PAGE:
I think that some of the more negative aspects are pretty easy traps to fall into in a book like this, mostly because you need them for the story to work if you don’t want to do a lot of difficult literary heavy lifting. The biggest for me is that Sveta feels VERY naive and susceptible to being duped when I’m not quite certain that she would be. I’m not talking about falling for the cult angle, as that isn’t really the issue. It’s more the fact that she has found herself in a very precarious position: isolated in the jungle, newly named as a beneficiary of millions upon millions of dollars, and with a woman who has EVERY reason to want that money, but feels like she can trust said woman. I found it very frustrating that she took everything that Kali said at face value. You met her once for dinner and it was a nice meal. Fine. But your uncle CLEARLY kept her out of his will for a reason, especially since it sounds like his death wasn’t sudden. I understand why the story needs her to be this way, but I kind of needed more reasons for her to be this way. It made Sveta’s motivations feel more there to drive the plot as opposed to trying to make the two work in a cohesive and believable way.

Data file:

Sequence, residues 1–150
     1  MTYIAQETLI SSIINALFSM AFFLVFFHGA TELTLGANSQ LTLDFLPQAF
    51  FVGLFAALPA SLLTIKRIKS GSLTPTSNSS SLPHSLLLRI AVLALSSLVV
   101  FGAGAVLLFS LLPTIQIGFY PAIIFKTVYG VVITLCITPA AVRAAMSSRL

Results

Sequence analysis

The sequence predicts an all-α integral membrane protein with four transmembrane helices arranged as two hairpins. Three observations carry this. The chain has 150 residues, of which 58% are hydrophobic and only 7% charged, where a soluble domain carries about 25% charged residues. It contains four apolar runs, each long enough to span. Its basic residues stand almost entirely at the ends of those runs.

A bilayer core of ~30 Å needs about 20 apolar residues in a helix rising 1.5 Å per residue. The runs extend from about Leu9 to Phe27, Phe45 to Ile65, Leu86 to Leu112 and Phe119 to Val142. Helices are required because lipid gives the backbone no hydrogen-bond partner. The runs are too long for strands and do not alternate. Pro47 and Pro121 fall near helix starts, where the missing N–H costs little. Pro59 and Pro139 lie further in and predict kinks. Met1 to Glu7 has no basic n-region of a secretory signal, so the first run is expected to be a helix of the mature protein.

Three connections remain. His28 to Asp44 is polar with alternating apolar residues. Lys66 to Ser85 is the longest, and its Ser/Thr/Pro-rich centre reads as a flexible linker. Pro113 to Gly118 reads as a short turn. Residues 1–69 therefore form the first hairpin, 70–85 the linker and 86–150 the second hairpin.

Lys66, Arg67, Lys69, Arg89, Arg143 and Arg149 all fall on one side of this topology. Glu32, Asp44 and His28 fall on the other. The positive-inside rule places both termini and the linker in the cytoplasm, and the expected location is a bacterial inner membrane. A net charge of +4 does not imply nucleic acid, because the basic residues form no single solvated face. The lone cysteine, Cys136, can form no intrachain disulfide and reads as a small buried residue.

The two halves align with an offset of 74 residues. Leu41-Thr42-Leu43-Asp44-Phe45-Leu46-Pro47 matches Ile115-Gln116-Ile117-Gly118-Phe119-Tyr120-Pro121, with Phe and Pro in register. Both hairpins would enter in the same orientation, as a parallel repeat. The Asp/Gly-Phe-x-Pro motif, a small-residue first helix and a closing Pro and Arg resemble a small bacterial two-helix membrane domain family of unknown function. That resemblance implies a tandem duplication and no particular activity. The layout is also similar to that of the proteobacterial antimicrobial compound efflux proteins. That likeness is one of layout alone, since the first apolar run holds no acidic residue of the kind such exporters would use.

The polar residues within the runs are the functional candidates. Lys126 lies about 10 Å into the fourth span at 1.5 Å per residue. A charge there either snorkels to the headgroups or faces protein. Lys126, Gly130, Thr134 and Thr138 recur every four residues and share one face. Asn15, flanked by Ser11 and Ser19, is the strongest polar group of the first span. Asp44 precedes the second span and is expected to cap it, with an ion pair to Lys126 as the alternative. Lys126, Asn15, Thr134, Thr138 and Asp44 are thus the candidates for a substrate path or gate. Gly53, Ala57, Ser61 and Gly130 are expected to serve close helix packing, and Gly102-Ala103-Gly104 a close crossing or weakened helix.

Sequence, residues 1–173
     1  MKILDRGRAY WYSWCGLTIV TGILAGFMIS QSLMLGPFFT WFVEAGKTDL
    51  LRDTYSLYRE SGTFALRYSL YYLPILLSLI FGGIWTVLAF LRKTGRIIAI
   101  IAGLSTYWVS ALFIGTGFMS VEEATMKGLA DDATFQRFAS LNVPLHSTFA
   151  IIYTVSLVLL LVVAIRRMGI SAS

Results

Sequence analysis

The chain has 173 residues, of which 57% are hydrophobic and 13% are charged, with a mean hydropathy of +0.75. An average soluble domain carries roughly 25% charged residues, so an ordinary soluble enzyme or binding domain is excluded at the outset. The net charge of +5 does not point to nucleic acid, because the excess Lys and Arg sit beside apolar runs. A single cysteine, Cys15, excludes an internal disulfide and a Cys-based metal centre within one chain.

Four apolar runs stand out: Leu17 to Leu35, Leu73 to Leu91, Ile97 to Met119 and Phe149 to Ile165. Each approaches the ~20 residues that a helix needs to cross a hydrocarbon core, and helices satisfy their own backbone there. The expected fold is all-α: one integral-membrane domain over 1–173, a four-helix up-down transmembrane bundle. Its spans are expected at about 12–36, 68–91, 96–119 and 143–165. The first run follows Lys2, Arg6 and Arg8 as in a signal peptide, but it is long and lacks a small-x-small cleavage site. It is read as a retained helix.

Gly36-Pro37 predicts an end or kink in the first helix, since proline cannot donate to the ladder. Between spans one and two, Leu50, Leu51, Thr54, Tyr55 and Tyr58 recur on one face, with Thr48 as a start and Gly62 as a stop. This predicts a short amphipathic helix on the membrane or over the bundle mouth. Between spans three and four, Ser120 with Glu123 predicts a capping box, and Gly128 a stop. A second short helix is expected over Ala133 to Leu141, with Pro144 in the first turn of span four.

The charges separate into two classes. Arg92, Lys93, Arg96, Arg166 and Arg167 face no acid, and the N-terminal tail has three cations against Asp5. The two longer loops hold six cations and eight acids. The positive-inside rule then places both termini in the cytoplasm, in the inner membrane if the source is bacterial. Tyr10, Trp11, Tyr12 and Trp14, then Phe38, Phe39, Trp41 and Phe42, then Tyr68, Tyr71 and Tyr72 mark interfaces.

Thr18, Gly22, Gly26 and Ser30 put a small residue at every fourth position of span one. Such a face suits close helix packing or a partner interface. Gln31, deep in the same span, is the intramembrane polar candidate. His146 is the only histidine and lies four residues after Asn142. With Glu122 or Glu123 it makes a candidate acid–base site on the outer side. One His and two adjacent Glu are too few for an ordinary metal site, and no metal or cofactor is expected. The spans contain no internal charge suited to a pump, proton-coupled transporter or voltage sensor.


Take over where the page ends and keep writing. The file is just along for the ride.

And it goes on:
All in all “The Vicious Circle” is entertaining enough and has enough suspense to keep me engaged and interested. It doesn’t really stand out too much from other run of the mill cult thrillers, but as someone who loves a cult thriller that isn’t necessarily a bad thing.

Rating 6: Pretty standard cult thriller reading. Doesn’t reinvent the wheel, but it’s entertaining enough.

Reader’s Advisory:

“The Vicious Circle” isn’t included on many specific Goodreads lists yet, but it would fit in on “Cults and Communes in Fiction”.

Highlights: November 2022

Kate weeps for the end of the Halloween Season, but now we are in November and we are barreling forward towards the winter holidays, where food and family rule and the cold weather in Minnesota starts to close in. Snow is pretty, but snow is also cold. Hopefully we still have some time to wait, and while we do we have some books that we are looking forward to this month!

Serena’s Picks

Book: “Saint” by Adrienne Young

Publication Date: November 29, 2022